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Vol 22 No 4 April/May 2017

Book of the Month

Cover of Whistleblowing: Law and Practice

Whistleblowing: Law and Practice

Price: £175.00

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Law as a Human Science


ISBN13: 9780415617321
To be Published: July 2018
Publisher: Routledge
Country of Publication: UK
Format: Hardback
Price: £105.00



Law as a Human Science argues for the reintroduction of crucial aspects of the humanist tradition in legal thinking. Interdisciplinary studies of law are now primarily understood as policy-oriented and socio-legal in their orientation; whilst the older ties between law and the humanities (with philosophy, history, rhetoric, etc.) have become more marginal academic curiosities.

This book makes a renewed case for law as a human science, by investigating the development of modern law as an academic discipline in relation to both the social scientific and hermeneutical traditions. The former – more Anglophone – approach associates law with an instrumental notion of knowledge and science: legal knowledge can be exploited both as a practitioner's tool and to provide potentially workable solutions to social problems. In contrast, the hermeneutic – and more Continental – approach situates law among the human sciences. This makes the instrumentalisation of legal knowledge difficult, if not impossible. But it is this approach that Panu Minkkinen defends here, in a radicalisation of law’s traditional affiliations with the human sciences. The ‘hermeneutical legal academic’, he argues, provides not only a renewed basis for seeing law as a human science, but also a new foundation for understanding it as an essentially critical enterprise.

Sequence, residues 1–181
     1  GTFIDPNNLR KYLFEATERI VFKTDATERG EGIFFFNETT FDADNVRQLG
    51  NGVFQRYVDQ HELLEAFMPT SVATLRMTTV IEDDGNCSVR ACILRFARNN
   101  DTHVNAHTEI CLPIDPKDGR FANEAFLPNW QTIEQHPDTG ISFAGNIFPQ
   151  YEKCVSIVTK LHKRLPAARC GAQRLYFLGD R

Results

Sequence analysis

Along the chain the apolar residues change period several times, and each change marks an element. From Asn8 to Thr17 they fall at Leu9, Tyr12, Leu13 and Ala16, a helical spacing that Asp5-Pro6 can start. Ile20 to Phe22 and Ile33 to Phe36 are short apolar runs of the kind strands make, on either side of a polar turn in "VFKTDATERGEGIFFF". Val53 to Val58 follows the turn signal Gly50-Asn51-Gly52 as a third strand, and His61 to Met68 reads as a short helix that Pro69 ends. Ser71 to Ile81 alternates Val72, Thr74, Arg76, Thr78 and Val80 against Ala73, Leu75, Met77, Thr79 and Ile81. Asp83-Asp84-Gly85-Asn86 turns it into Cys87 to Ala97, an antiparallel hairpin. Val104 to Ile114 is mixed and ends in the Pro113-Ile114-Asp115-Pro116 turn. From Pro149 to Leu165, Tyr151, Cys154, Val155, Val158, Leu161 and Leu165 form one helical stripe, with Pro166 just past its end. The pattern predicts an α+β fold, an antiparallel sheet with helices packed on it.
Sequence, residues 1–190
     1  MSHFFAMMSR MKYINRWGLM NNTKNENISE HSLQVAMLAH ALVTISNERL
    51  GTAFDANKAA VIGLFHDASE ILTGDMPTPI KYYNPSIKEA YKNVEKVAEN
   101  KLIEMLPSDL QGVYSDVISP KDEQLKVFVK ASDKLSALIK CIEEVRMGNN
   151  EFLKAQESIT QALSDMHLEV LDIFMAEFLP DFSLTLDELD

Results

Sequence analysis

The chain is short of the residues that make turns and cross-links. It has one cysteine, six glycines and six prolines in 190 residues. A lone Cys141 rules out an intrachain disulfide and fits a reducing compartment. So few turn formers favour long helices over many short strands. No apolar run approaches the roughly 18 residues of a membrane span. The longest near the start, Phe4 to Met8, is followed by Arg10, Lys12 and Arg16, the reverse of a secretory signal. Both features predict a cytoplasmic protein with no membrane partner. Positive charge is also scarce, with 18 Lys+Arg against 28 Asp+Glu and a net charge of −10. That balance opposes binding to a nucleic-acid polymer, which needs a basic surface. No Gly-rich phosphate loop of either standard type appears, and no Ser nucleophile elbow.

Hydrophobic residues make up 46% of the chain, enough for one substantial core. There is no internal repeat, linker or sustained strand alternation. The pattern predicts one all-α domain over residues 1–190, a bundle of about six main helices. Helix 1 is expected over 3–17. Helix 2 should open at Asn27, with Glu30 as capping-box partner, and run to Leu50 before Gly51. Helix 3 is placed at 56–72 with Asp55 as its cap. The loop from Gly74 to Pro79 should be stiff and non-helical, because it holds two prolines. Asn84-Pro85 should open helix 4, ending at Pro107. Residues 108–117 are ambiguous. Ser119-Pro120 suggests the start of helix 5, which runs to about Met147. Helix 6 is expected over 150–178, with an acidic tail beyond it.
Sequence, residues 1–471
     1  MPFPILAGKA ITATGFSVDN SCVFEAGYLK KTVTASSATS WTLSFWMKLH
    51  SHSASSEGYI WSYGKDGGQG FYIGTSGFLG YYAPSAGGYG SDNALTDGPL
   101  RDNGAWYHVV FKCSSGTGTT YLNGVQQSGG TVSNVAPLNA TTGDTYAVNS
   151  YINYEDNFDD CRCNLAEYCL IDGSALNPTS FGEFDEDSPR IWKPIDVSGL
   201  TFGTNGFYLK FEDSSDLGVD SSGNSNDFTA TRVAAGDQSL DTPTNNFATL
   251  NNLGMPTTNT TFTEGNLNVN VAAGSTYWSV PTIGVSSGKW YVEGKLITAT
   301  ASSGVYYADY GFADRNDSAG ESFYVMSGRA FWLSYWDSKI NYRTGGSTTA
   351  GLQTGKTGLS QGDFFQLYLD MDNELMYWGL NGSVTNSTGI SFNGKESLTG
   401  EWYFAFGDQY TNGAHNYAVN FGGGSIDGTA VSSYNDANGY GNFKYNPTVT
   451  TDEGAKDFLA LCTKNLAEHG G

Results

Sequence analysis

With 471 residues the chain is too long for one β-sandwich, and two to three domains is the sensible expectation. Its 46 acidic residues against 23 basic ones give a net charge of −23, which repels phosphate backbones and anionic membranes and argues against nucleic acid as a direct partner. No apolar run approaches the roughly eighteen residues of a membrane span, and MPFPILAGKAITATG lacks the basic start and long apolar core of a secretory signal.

Subjects:
Jurisprudence, Law and Society
Contents:
Introduction

Part 1: The Legal Academic
1. Max Weber and Legal Thinking
2. The Legal Academic's Impact
3. From Formal to Substantive Rationality

Part 2: The Science of Law
4. Law as a Moral Science
5. The Legal Academic as Interpreter
6. The Legal Academic and the Activist

Part 3: The Law School
7. The Edifying Law School
8. The Radical Law School

Part 4: The Politics of Legal Academia
9. Weber's Tragic Modernity